There’s a subtle pointer arithmetic bug I’ve seen a few times recently in various C modules. It stems from a lack of understanding about the difference between the sizeof operator and the ARRAYSIZE macro (on Windows, at least), and also perhaps of pointer arithmetic.
#define cARRAY_ITEMS 1000
DWORD *rgPtrs [cARRAY_ITEMS];
In the above snippet, the size in byte of sizeof(rgPtrs) depends on the pointer size of the host machine. For an x86, the total size is 4 * 1000 = 4000 bytes. For a 64-bit app, it’d be twice that.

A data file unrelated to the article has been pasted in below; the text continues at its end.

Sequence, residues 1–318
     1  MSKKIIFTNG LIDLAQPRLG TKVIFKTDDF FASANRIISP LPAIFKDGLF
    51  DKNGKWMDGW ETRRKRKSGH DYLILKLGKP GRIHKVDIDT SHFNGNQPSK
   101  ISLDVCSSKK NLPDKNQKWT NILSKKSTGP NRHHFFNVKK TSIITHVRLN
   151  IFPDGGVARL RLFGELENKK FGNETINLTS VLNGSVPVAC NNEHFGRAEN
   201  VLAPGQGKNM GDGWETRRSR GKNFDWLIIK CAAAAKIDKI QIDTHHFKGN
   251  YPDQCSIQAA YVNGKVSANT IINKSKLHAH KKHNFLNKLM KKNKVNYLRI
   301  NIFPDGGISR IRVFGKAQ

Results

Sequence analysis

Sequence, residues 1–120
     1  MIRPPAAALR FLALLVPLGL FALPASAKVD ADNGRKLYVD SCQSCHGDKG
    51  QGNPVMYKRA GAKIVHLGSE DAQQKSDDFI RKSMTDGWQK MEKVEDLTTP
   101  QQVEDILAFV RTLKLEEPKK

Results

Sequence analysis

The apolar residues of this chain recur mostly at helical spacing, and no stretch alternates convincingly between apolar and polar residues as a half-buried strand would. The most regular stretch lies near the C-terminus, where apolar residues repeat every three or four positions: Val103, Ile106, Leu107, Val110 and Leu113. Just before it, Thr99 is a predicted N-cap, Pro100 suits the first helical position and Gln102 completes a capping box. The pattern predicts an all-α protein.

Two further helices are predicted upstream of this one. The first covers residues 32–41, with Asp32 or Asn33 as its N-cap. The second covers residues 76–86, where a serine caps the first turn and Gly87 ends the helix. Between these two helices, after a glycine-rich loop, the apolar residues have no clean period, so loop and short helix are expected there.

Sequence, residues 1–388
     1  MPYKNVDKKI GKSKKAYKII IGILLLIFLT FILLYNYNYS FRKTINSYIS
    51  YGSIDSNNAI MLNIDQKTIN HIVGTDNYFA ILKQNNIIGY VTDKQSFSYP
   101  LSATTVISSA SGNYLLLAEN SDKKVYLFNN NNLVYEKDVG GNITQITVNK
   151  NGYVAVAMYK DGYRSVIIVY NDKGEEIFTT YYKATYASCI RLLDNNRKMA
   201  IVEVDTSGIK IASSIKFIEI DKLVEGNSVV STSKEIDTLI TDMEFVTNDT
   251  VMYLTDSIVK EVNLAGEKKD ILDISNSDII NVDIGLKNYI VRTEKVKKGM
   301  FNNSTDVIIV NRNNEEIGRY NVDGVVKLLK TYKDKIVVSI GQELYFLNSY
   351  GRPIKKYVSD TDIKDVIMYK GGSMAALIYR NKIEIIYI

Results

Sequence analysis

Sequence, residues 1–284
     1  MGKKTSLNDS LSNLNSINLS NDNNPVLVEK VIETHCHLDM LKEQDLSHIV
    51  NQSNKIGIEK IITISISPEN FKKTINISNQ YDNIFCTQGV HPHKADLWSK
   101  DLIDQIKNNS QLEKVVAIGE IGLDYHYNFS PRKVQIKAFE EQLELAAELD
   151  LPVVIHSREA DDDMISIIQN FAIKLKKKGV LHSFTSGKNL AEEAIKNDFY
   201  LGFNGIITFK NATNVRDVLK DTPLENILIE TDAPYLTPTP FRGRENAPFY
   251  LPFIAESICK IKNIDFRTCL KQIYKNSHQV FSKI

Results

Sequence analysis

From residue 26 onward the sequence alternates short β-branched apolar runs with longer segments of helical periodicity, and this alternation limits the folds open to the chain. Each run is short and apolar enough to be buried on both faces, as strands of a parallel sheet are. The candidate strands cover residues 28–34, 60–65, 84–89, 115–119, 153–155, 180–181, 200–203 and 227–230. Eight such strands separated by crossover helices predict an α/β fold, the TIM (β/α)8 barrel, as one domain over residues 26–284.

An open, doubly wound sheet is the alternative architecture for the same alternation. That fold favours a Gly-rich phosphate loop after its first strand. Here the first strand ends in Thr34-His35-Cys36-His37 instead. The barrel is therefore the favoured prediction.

Regardless of the host architecture, we expect ARRAYSIZE(rgPtrs) to evaluate to 1000. Depending on your build environment, the macro may in turn be defined as the following macro (from the latest Windows SDK version of winnt.h):
#define RTL_NUMBER_OF_V1(A) (sizeof(A)/sizeof((A)))
Finally, note that the difference between two pointers (there are some caveats here – your compiler documentation) is defined in terms of a count of array elements (i.e. not bytes, unless it happens to be an array of type byte).
Here’s some sample code with this type of problem – see it?
#define cbVALUE 256
#define cSAVED 10
typedef struct _WIREDATA
BYTE rgbValue [cbVALUE];
} WIREDATA, *PWIREDATA;
WIREDATA rgbSaved [cSAVED];
PWIREDATA pCurrent = pStart;
// Handle some number of TLVs
pCurrent += XXX;
if (pEnd – pCurrent < sizeof(rgbSaved))
memcpy(rgbSaved, pCurrent, sizeof(WIREDATA) * (pEnd – pCurrent));